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"On my part, I remain committed to the process of dialogue. It is my firm belief that dialogue and a willingness to look with honesty and clarity at the reality of Tibet can lead us to a viable solution."

Snow clad dhauladhar hills in Kangra Valley welcome tourists

February 10, 2008

Friday, 08 February 2008

JAWALAMUKHI (HP): Nestling in the lap of the towering snow-clad
Dhauladhar ranges, the Kangra valley of Himachal Pardesh in india
beckons tourists with the bounty nature has bestowed — antique miniature
paintings, ancient temples and sprawling green tea gardens. There is a
mini-Tibet at McLeodganj which attracts both Indian and Foreign visitors
keen on getting a glimpse of the lifestyle of the Tibetans and wanting
to seek the blessings of the Dalai Lama, revered as the "living Buddha".

All important towns in the valley, including Dharamsala, Palampur,
Kangra, Mcleodganj and Jwalamukhi, have reasonable accommodation and
most of the hotels there have STD facility. Guest houses in the
residential areas are few and far between. There is, however, no
arrangement for medical aid to tourists. They like locals have to depend
on small hospitals private clinics and whatever little these are
equipped with. Dharamsala, McLeodganj, Palampur, Kangra and Jwalamukhi
lack adequate parking facilities. The traffic goes haywire during the
tourist season with vehicles parked haphazardly by drivers.

A survey of the important towns dotting the tourist map of the valley
reveals that not much is being done or arranged by the Tourism
Department to make the tourists visit and stay comfortable and
memorable. Bad roads, unhygienic conditions, erratic water supply,
exorbitant rents in private guest houses, non-availability of standard
food items and the level at which these are priced, put tourists off.

This coupled with inadequate publicity of the natural and traditional
assets of the valley, makes a large number of tourists pack up earlier
than scheduled. Non-availability of guides, lack of proper transport
facilities and conducted tours within the Kangra valley are other
factors which acts as a damper.

McLeodganj, attracts most foreign tourists all through the year but
precious little has been done to tap its tourism potential.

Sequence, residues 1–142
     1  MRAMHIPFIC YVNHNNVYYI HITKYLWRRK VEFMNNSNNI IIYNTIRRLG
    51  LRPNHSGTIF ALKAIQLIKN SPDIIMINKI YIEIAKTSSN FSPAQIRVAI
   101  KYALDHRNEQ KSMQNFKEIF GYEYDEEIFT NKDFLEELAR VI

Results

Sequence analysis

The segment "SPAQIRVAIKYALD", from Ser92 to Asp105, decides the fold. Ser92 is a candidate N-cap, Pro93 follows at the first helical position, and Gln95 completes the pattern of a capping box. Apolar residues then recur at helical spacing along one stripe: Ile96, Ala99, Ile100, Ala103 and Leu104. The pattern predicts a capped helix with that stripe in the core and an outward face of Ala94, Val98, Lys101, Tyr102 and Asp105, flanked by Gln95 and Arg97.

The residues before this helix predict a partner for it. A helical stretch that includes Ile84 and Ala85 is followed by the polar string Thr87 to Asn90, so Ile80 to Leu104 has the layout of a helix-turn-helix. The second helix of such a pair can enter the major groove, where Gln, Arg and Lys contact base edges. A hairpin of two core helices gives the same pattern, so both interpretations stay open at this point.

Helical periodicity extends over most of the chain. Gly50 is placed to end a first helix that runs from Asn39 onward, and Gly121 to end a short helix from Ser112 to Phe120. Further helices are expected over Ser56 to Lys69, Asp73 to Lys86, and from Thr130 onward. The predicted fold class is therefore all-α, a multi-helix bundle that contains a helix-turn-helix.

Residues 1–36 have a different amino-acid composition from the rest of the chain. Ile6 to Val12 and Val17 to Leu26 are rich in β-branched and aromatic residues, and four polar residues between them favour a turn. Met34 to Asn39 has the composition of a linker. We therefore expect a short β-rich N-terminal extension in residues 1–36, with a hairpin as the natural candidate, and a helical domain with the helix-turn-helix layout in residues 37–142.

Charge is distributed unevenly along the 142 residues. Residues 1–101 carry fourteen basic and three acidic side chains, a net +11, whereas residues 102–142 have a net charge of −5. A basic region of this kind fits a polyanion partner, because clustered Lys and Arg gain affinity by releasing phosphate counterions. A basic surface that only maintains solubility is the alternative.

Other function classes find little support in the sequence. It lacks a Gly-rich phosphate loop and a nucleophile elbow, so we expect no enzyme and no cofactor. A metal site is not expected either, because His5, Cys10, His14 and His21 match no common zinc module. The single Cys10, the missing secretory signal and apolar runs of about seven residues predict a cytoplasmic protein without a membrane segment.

Hotels, especially small ones, are ill-maintained and unhygienic; the
food is costly and below standard and the transport costly. "The taxi
owners loot us because of tourist are not aware of local conditions"
says an American tourist, Chris, adding that even the tourist
information centre does not help foreigners. Dal Lake, located at a
height in Mcleodganj, has lost the pious touch due to the disposal of
refuse and filth into it by the institutions around. Residents of
Dharamsala have undertaken cleaning-up operations but the plight of the
lake is yet to catch the attention of the Tourism Department.

The plan of setting up a ropeway between Dharamkot and Triund and the
key towns in the valley is still hanging fire. The area has good scope
for adventure tourism. Place like Jwalamukhi, Kangra, Chintpurni, which
have popular temples, fail to sustain the interest of visitors due to
lack of adequate accommodation.

Another important factor coming in the way of promoting tourism in the
valley is the non-functional Gaggal airport in night which is otherwise
equipped to operate 10 flights. "My friends from Britain, Bombay and
Madras planned to see the beauty of the Kangra valley but have cancelled
the programme this year also as they do not want to waste time
travelling in buses or trains", says a medical officer.

Most foreign tourists keen on visiting the Dalai Lama's enclave at
McLeodganj also develop cold feet in the absence of regular flights from
metropolitine cities of the country. But as of now, there is no evidence
to suggest that the authorities have any plans to address themselves to
these problems.
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